You would not need to work all the way across the face of the blank.

    With a full round of gashing complete, the hob (whether purchased or made) will then follow this line.

    The hob teeth then have a guide and the freewheeling blank will easily follow.

    If you have a mill with a VERY low RPM perhaps this could be done with the motor.

    Despite what some who have invested in a specialized hobbing machines have stated, you should NOT approach the work at an angle unless you want an angled gear.

    Keep the head tilt at 0 degrees. DO NOT TILT THE HOB! This may be necessary for a dedicated machine, but will not work with free hobbing.

    Don't bother to argue with this unless you have tried it yourself. I have tried tilting the head and know the results.

    Since my first post I have added a second support to the shaft holding the blank. More rigidity!

    There is no doubt in my mind that this method can be used to make usable gears for home use.

    If you want to open a gear factory or make gears to sell to others, by all means buy a dedicated machine.

    But for personal use, this method is VERY workable. It just needs someone with some time and patience to work it out.

    It is a way to quickly make a whole set of matching gears.

    Additional thoughts: I think that a key and key-way on the shaft should be used to help the blank not to dis-align or spin under cutting pressure.

    I know it's extra work, but will help the result.

    Rigidity and ease of rotation for the blank are important for good results.

    This probably means having shaft supported on both ends by bearings. The first set up takes some time to make, but from then on, it's ready to go.

    The number of teeth should be predictable if you have the right DP diameter.

    Also, with my new untried method of gashing, you can count the number of teeth before you begin. The hob will NOT jump this gashing as long as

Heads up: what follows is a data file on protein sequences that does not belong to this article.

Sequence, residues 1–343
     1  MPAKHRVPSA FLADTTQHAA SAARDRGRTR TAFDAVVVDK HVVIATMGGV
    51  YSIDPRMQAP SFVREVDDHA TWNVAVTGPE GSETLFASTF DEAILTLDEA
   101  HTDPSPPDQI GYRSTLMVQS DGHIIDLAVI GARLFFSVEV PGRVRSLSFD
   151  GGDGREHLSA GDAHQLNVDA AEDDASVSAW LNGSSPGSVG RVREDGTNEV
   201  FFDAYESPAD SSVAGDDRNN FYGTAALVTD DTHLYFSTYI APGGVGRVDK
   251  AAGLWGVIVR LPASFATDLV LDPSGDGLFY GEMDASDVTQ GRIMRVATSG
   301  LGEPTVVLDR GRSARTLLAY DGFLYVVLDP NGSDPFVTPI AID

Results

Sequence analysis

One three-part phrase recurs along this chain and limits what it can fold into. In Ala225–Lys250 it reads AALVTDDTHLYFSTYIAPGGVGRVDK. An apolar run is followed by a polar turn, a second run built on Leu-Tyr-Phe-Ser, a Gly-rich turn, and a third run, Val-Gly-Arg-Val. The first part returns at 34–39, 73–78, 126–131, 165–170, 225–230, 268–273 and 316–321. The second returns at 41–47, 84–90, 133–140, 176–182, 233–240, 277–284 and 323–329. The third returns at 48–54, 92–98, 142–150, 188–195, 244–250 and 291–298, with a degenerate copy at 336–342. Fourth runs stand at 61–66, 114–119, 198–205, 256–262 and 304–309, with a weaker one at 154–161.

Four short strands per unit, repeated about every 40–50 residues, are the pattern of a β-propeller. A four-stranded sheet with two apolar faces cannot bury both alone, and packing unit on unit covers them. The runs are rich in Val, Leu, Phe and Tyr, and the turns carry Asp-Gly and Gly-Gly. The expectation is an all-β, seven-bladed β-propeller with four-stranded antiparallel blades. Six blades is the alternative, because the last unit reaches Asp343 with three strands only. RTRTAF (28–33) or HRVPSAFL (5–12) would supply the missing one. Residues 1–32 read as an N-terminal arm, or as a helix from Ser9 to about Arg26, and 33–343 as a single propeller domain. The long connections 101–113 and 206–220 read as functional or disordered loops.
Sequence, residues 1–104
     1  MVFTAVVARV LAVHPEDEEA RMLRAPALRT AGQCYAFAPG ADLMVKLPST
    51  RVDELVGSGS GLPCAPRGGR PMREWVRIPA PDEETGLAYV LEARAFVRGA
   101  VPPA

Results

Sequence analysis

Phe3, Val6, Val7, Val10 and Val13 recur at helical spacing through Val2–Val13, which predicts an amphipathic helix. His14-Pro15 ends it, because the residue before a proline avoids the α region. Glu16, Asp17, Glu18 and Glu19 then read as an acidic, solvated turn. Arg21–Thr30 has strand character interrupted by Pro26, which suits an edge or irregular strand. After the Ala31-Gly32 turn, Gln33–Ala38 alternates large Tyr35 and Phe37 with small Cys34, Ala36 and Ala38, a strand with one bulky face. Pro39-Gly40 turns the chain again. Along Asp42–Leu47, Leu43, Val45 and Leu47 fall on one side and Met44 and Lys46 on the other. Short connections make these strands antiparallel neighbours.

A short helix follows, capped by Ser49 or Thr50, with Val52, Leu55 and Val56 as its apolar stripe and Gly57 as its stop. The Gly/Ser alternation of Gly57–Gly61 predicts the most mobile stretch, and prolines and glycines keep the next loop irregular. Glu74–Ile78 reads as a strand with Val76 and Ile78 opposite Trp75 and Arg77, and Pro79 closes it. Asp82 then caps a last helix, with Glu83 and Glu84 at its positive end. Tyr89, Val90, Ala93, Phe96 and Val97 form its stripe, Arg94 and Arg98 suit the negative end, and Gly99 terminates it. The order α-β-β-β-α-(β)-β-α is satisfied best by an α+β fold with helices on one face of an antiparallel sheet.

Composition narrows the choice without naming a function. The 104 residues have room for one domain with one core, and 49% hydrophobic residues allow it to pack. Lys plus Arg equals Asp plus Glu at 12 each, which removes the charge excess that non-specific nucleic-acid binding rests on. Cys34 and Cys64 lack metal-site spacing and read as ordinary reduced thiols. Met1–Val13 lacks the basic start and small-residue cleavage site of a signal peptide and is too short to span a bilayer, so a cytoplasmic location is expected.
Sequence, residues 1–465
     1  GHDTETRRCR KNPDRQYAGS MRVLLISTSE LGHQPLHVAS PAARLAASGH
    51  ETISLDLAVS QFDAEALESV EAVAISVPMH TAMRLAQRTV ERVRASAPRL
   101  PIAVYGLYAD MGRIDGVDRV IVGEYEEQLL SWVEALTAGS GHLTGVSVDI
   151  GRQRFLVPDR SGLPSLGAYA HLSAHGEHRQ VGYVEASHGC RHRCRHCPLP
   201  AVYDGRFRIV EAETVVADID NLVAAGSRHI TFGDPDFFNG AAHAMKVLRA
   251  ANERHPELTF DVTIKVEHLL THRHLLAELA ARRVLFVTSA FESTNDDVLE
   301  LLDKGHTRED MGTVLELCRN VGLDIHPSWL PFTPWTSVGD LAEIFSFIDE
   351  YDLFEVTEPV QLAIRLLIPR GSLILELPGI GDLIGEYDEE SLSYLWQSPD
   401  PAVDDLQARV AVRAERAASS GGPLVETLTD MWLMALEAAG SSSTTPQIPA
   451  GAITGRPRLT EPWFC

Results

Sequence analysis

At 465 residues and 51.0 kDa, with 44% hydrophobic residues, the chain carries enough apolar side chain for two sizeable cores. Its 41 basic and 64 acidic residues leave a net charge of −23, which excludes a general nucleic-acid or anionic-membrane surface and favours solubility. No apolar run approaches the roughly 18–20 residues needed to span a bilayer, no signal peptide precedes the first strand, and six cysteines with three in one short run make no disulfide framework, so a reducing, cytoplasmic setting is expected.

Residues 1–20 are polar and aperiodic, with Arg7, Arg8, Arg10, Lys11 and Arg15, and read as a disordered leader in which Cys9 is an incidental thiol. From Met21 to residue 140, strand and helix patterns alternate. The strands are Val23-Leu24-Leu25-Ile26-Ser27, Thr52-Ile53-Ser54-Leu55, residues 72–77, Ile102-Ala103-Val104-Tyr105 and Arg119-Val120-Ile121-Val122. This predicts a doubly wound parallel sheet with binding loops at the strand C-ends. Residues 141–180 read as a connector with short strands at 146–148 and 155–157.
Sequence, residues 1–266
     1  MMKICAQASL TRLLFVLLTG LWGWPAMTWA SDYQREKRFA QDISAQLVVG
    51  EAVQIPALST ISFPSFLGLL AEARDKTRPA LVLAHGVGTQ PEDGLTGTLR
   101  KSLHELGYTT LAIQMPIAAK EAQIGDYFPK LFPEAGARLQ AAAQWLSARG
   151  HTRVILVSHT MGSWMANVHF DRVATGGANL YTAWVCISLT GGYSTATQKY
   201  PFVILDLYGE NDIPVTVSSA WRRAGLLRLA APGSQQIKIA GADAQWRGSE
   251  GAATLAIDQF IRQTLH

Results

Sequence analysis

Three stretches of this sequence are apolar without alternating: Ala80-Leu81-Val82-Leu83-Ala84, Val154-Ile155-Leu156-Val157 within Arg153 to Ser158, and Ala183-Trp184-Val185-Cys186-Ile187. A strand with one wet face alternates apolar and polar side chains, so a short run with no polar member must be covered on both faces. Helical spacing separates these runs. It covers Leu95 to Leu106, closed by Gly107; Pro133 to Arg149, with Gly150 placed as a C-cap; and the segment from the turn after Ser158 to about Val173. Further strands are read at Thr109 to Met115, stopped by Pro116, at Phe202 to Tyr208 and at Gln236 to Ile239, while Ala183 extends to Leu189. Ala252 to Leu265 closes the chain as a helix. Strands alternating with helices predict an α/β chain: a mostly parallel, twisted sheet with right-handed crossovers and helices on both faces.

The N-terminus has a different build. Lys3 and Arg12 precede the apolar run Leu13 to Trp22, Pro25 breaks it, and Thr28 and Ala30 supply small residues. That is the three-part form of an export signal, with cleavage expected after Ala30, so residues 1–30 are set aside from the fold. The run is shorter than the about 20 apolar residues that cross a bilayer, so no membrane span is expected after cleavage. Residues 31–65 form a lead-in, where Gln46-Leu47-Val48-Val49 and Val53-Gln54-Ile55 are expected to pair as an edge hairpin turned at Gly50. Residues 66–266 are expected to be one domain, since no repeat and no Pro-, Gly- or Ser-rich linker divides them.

your setup is really freewheeling.

    There is no reason that, with a hardened steel hob, you could not make gears of ferrous metal.

    Chinese hobs were (who knows now) cheap. One hob makes up for a whole range of gear cutters.

    Using a commercially made hob, there is no reason why you could not produce a very acceptable, or even "correct" gear form.

    Even with purchased cutters the gear form is just close and often not "perfect".

    OK. I've said my peace. You can now bring on the abuse.


    Last edited by davidwdyer; 10-10-2021, 08:27 AM.

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  • DrMike
    replied
    Robint - Please describe your process in detail, and with a minimum of attitude. At the moment all we know is that you can generate some tooth-like forms on a blank. I am willing to do the modeling and math to determine the shape of your gear teeth, and how they differ from a standard involute profile. But this will only happen if you lose the attitude; this discussion will not devolve into an argument.

    It appears that you take a standard bolt, mill axial slots into it to form cutting edges, then use it as a hob to generate teeth on a blank. The bolt/hob both cuts and turns the blank at the same time. In doing so you generate teeth in your blank, but you do not know the details of the tooth form or even (correct me if I'm wrong) if two such gears mesh smoothly with each other.

    You already seem aware that you are not generating standard involute profiles, and that your gears will not have the advantages of conjugate action. However, for the limitations you have already listed (soft gear materials, no precision movement or power transmission applications, not compatible with standard involute gears) it may have some applications that simply require relative rotary motion without much precision or power transmission to justify an inexpensive hack, even if it's to quickly develop gears for an experimental prototype before spending the money on gears or involute cutters.

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  • djc
    replied
    Originally posted by Mcgyver View Post
    ...it could be movement (like a clock movement)
    But each part of the movement will go in an opposite direction to its neighbour.

    I reckon his ideas are too advanced for the community here.

    They might better be explored in a forum where new concepts are welcomed by the far-seeing, receptive members, particularly if he can show how they might be realised on the excellent machine tools coming from Asian sources. Does anyone know of such a forum?

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  • Mcgyver
    replied
    Good for you campaigning on gear social justice, a Robin Hood of sorts bring gears to the common man. (like they were purview of only the elite before lol)., Give the people gears (or the gears), it could be a movement (like a clock movement)